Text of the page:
I do write fiction that is set in Egypt; and I do read it, as well. I am posting here a review I did of a beautifully done, intriguing book set in the earliest days of dynastic Egypt. It has intrigue, romance, mysticism - and it is engrossing. Do I make it sound like a Penny Dreadful? I promise that it is not. You will simply have to read the book - and then read its sequel, set four thousand years later and cleverly tied in with a notorious art heist of modern times. You will not regret it. And now, my review:
Khamsin The Devil Wind of the Nile by Inge H. Borg
My rating: 5 of 5 stars
Ancient Egypt is thought of, by many, as the dawn of history. This book takes you to a time that is before history, bringing to life names that we only know from fragments, harking to a rhythm and image that is smoothed and darkened by time. And yet the author makes them human.
This is the very earliest period of dynastic Egypt, a time when the border between history and legend is blurred, when the kings and queens of that land seem to be gods that stepped down from the bowl of the sky and trod the land...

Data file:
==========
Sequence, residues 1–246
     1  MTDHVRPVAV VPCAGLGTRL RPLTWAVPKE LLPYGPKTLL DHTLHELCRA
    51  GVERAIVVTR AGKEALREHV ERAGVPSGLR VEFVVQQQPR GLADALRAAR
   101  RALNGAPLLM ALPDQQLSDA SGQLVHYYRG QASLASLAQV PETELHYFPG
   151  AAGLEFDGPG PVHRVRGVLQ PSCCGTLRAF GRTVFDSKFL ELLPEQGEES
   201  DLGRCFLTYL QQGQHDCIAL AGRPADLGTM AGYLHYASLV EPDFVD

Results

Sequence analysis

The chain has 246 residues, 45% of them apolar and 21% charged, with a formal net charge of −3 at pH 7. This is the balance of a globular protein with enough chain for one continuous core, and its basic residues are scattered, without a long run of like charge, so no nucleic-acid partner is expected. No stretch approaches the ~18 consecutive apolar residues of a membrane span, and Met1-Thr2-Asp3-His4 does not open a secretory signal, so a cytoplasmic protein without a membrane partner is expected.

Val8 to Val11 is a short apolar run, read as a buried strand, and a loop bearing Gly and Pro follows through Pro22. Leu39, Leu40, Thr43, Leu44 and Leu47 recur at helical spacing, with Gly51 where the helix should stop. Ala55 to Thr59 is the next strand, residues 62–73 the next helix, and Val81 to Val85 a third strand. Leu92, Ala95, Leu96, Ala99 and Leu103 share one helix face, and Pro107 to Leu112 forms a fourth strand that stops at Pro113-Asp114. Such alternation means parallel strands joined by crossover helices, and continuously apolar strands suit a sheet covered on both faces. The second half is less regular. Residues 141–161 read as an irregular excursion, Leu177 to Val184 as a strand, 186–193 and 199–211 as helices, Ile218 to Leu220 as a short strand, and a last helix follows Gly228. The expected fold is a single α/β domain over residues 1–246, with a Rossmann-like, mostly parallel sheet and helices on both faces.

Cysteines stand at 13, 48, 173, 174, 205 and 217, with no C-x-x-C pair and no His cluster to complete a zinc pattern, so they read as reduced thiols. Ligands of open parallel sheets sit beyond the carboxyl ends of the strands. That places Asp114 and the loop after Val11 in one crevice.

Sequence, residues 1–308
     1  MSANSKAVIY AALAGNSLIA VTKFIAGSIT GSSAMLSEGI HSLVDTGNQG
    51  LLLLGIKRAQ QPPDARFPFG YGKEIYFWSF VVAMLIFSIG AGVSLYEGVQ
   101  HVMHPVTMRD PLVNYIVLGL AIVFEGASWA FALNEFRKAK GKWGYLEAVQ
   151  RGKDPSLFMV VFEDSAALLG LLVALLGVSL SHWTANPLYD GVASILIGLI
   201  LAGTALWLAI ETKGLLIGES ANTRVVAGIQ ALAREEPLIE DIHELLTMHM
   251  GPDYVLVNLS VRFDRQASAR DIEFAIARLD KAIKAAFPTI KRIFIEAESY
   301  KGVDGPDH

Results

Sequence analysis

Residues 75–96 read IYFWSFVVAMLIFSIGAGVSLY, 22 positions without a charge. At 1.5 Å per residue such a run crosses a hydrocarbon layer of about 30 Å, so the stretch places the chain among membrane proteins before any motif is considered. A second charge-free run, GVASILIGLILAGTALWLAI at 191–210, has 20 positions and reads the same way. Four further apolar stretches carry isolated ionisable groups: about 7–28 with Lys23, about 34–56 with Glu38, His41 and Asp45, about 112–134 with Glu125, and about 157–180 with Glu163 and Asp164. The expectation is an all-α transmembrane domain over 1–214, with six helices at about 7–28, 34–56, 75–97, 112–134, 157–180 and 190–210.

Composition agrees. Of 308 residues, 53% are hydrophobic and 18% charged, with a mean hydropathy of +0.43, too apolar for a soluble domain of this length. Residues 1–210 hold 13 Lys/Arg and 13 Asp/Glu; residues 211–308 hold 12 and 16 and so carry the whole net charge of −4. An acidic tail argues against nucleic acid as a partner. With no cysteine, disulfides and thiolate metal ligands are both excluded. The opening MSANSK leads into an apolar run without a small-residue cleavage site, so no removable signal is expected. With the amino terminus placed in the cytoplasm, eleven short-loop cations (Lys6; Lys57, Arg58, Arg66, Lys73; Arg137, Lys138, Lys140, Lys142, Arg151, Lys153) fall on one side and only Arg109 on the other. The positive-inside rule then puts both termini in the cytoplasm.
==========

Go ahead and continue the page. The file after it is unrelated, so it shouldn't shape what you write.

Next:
The author states:
At the dawn of the great Egyptian dynasties, before any Pyramids were built and the camel was introduced to the Nile regions, certainly long before the royal title of Pharaoh came into use, Aha rules as the second King of the First Dynasty... H i8s triumph and tragedy plays out centuries before the Greek colonization of the Two Lands... To this day our vague answers are drawn only from relics and mummies of much later dynasties, their cities wrenched from the hot red dust driven into the verdant river valley for fifty days by the Khamsin, the dreaded Devil Wind of the Nile. In Khamsin, the reader is immersed in the life of the fertile Valley of the Nile, as flesh and muscle have been molded back onto those brittle bones...
She molds them well. We meet characters that catch the exotic cadences of the faraway times as we follow the fate of a life conceived in the beginning pages. We watch first one character and then another - the general of the Fourth Army of Amun, who is tender to his faraway wife, lusty with a woman of the desert, and crafty. (And I must remember never to go back to that time and agree to carry an important message...)
And we meet Ramose...
This is a story to savor, written lusciously, with care and enjoyment. I grew to love Ramose, to enjoy his dry wit and his wide-eyed mysticism. The writing is lyrical at times, so rare in a time of utilitarianism, and the Khamsin is in the background, lending its tone to the story.
I enjoyed this - and I rejoice to tell you that Ms. Borg has written another, arising from this but far, far in the future from this story. I think you will enjoy it, too.